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Crotchet Castle

"Base is the slave that pays."--ANCIENT PISTOL.
The Captain was neither drowned nor poisoned, neither miasmatised nor
anatomised. But, before we proceed to account for him, we must look back to a
young lady, of whom some little notice was taken in the first chapter; and who,
though she has since been out of sight, has never with us been out of mind: Miss
Susannah Touchandgo, the forsaken of the junior Crotchet, whom we left an
inmate of a solitary farm, in one of the deep valleys under the cloud-capt summits
of Meirion, comforting her wounded spirit with air and exercise, rustic cheer,
music, painting, and poetry, and the prattle of the little Ap Llymrys.
One evening, after an interval of anxious expectation, the farmer, returning from
market brought for her two letters, of which the contents were these:
"Dotandcarryonetown, State of Apodidraskiana. "April 1, 18..
My Dear Child,
"I am anxious to learn what are your present position, intention, and prospects.
The fairies who dropped gold in your shoe, on the morning when I ceased to be a
respectable man in London, will soon find a talismanic channel for transmitting
you a stocking full of dollars, which will fit the shoe as well as the foot of
Cinderella fitted her slipper. I am happy to say I am again become a respectable
man. It was always my ambition to be a respectable man, and I am a very
respectable man here, in this new township of a new state, where I have
purchased five thousand acres of land, at two dollars an acre, hard cash, and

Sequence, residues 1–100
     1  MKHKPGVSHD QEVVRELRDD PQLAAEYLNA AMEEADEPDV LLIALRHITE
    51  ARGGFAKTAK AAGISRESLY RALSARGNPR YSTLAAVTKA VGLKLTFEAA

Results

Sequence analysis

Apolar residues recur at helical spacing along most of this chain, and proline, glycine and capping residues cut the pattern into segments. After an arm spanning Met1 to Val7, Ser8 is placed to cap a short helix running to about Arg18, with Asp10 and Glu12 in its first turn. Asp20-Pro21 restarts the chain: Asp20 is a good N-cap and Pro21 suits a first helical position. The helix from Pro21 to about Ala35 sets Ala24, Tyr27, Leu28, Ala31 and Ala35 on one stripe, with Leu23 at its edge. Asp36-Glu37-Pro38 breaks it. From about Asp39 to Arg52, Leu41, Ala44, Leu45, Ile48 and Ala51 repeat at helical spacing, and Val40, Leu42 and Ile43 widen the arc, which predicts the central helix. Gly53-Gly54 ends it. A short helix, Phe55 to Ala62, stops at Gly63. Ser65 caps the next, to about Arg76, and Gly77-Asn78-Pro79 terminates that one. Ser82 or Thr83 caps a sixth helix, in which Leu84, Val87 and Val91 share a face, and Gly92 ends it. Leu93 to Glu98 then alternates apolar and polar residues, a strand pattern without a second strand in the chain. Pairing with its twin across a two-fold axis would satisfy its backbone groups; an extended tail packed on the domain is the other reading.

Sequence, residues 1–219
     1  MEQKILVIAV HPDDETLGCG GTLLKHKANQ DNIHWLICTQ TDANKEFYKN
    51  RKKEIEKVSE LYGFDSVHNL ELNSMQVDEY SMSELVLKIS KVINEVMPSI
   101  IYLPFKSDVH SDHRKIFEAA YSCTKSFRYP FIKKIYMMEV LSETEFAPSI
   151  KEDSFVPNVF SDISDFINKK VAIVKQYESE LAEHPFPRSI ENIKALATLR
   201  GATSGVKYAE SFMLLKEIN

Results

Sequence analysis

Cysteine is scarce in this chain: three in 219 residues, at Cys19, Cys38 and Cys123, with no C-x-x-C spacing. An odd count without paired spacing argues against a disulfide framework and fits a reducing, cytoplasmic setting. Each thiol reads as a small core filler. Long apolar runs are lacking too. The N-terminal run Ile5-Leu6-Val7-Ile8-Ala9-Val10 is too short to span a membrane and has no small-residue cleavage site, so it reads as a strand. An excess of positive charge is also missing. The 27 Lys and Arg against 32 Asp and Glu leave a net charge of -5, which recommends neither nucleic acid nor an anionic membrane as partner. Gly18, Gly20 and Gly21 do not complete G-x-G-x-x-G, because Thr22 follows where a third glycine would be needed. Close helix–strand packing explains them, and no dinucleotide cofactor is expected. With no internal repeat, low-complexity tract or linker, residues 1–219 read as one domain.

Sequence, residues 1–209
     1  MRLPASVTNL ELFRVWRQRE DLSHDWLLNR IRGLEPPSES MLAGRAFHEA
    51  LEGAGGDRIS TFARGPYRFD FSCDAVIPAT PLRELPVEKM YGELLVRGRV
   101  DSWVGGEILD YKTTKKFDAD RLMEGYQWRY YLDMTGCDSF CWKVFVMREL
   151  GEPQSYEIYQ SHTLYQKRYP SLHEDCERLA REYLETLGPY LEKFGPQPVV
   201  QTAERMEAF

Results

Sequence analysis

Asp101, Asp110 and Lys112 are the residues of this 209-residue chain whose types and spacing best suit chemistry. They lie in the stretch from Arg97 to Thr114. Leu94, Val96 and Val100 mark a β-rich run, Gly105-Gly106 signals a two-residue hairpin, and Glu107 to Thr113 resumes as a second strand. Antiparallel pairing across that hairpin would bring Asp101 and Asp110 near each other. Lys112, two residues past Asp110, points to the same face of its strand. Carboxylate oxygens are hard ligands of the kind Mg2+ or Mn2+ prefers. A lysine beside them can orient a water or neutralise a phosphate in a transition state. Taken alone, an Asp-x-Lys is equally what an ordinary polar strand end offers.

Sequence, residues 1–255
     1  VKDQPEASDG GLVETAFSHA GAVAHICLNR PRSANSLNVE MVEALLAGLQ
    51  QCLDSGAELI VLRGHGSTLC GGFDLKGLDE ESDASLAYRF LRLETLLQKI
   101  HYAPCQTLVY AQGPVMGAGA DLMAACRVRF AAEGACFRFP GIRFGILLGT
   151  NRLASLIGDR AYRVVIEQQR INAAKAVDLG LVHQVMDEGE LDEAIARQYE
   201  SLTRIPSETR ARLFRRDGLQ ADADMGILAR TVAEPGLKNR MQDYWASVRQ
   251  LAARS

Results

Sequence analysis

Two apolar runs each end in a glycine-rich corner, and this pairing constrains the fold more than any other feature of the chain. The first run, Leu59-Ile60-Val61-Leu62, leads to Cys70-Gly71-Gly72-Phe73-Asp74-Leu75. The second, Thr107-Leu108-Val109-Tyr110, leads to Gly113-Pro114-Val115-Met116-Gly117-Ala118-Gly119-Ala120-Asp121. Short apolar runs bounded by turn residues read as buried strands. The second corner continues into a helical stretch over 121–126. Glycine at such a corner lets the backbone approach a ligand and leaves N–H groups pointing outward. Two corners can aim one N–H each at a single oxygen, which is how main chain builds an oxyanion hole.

established a very flourishing bank. The notes of Touchandgo and Company, soft
cash, are now the exclusive currency of all this vicinity. This is the land in which
all men flourish; but there are three classes of men who flourish especially,--
methodist preachers, slave-drivers, and paper-money manufacturers; and as one
of the latter, I have just painted the word BANK on a fine slab of maple, which
was green and growing when I arrived, and have discounted for the settlers, in
my own currency, sundry bills, which are to be paid when the proceeds of the
crop they have just sown shall return from New Orleans; so that my notes are the
representatives of vegetation that is to be, and I am accordingly a capitalist of the
first magnitude. The people here know very well that I ran away from London; but
the most of them have run away from some place or other; and they have a great
respect for me, because they think I ran away with something worth taking, which
few of them had the luck or the wit to do. This gives them confidence in my
resources, at the same time that, as there is nothing portable in the settlement
except my own notes, they have no fear that I shall run away with them. They
know I am thoroughly conversant with the principles of banking, and as they have
plenty of industry, no lack of sharpness, and abundance of land, they wanted
nothing but capital to organise a flourishing settlement; and this capital I have
manufactured to the extent required, at the expense of a small importation of
pens, ink, and paper, and two or three inimitable copper plates. I have
abundance here of all good things, a good conscience included; for I really
cannot see that I have done any wrong. This was my position: I owed half a
million of money; and I had a trifle in my pocket. It was clear that this trifle could